|Hawkwind Fly As A Kite
This is a piece written by Robert Calvert, which appeared in issue 31 of Frendz magazine back in
1972. An excerpt of it appears in the CD packaging for the reissued Doremi Fasol Latido, and struck
me as being a cut above the psychedelic gibberish of the time. So here it is in its' entirety.
Once upon a time, in the deepest reaches of outer time, there came a something, out of nothing, into
nowhere. By some freak of chance it somehow landed up on Earth, where it lay, amorphous, in the
mud for years. Until the rains came and washed it into the drains. Drifting on dark currents
underground: an embryonic blob of consciousness.
Later, it got itself entangled in a swirl of newsprint that was lodged in the sewers under Notting Hill.
For countless aeons this spore of pure potential slept. In suspended animation, dreaming all the shapes
it might assume, of all the forms it was yet to find. Portobello Road had always been the most desolate
of places until the Busker People arrived on the scene. The Buskers, a hairy race, were given to making
unearthly sounds with the aid of primitive equipment of stick and strings while calling out in a strange
guttural tongue, to attract the attention of the Straight People going past.
Occasionally, one of the 'straights' would throw a small round metal object or a collection of these in
assorted sizes, into the upturned hat of the Busker. The origin of this outlandish custom is now obscure.
These then were the unlikely beginnings of what was later to be known as Dave Brock. Some secret
key of sounds, stumbled over quite accidentally by a clumsy Busker bawling the Blues must have
brought this thing to life.
Out of the drain grating it came, a nightmarish thing of no shape or form seen on Earth before. An
unknown thing, a supernatural, extraterrestrial, alien thing... it came with the power to assume the form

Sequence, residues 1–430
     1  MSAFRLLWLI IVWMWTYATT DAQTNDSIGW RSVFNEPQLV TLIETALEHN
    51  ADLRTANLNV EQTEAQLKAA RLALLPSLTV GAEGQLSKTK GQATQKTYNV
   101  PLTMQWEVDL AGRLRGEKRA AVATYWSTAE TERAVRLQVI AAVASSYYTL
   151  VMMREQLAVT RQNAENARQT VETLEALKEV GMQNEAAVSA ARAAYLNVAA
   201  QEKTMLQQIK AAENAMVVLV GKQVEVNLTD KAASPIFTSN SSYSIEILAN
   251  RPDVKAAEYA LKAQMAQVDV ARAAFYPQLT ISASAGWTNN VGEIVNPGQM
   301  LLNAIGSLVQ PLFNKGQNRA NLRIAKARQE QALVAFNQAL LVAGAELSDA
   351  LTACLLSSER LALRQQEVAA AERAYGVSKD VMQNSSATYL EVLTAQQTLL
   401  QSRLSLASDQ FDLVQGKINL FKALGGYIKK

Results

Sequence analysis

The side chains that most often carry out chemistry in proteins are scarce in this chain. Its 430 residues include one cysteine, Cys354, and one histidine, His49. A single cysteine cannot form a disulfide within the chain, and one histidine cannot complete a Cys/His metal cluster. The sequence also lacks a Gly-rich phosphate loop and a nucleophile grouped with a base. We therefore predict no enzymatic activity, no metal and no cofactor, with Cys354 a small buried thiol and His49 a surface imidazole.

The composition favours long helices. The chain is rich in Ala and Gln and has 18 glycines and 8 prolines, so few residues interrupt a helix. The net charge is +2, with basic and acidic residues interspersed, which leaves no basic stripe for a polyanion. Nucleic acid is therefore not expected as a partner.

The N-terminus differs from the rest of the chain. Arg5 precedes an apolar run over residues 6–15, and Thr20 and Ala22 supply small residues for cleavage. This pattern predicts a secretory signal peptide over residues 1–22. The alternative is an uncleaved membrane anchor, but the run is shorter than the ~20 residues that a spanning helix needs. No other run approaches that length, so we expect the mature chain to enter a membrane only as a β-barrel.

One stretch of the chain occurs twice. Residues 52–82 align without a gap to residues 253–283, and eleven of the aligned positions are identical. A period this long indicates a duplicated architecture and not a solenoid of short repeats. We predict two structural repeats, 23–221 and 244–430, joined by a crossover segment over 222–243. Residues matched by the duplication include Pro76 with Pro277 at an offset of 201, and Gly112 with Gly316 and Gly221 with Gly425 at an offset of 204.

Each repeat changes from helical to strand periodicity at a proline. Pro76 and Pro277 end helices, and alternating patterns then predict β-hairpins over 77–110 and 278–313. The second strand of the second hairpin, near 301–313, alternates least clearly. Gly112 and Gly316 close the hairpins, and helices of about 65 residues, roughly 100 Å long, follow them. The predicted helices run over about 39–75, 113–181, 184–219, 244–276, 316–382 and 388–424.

and the essence of the first thing it saw.
This new Busker acquired the name Dave Brock, because he never had any money (and was also
hopeless at spelling).
Once outside a time there was one man who had two bodies. He called one of his bodies Mik, and he
liked the way it walked. The other he called Dik. It was a busy body, it used to speed around all day.
It was a strange body. It liked to be on its own. And it wandered off for days on end and was never
seen, until it chose to turn up, looking worn out and scroungy, mumbling inarticulate Rock'nâ€™Roll
lyrics to itself, with staring eyes.
The man who owned these two remarkable bodies lived in a cybernetic castle by the sea, and liked it
there. And so he didn't go much on the idea of his other half wandering off like that without a word.
At night he often lay awake thinking... if only Dik and Mik could co-exist, things might be different...
One day he noticed, with a leap of joy, an advert in the paper for Dr. Brock's amazing cure. He made
an appointment that very day.
Doctor D. Brock, who had graduated from busking to doctoring by protoplasmic absorption, gave him
an electronic integration box, with knobs. "Thank you", said Dik. "Thank you", said Mik. And DikMik
walked out into the street.
A great honking hawk-beaked being suddenly appeared in the sky with a great whirl of wind, turning
and turning, it came to land in front of DikMik. "Just flew back from Uranus, on the run from the
heavy metal moguls, watch out for them" it said between gasps for breath.
"What's your name?" said DikMik. "Nik" it said. "Nik, that's nice", said DikMik, thinking... DikMikNik,
that would be nice...(if only I could make out how this box worked).
The box began to make weird sounds that the bird man replied to on his saxoscope. The two of them
listened to this weird space language, and neither of them knew a word.
"Look, look", said DikMik. "Look, look, what's that?" Nik Turner turned and looked and saw... it was
gleaming... golden... high up... flying... unidentifiable... it was...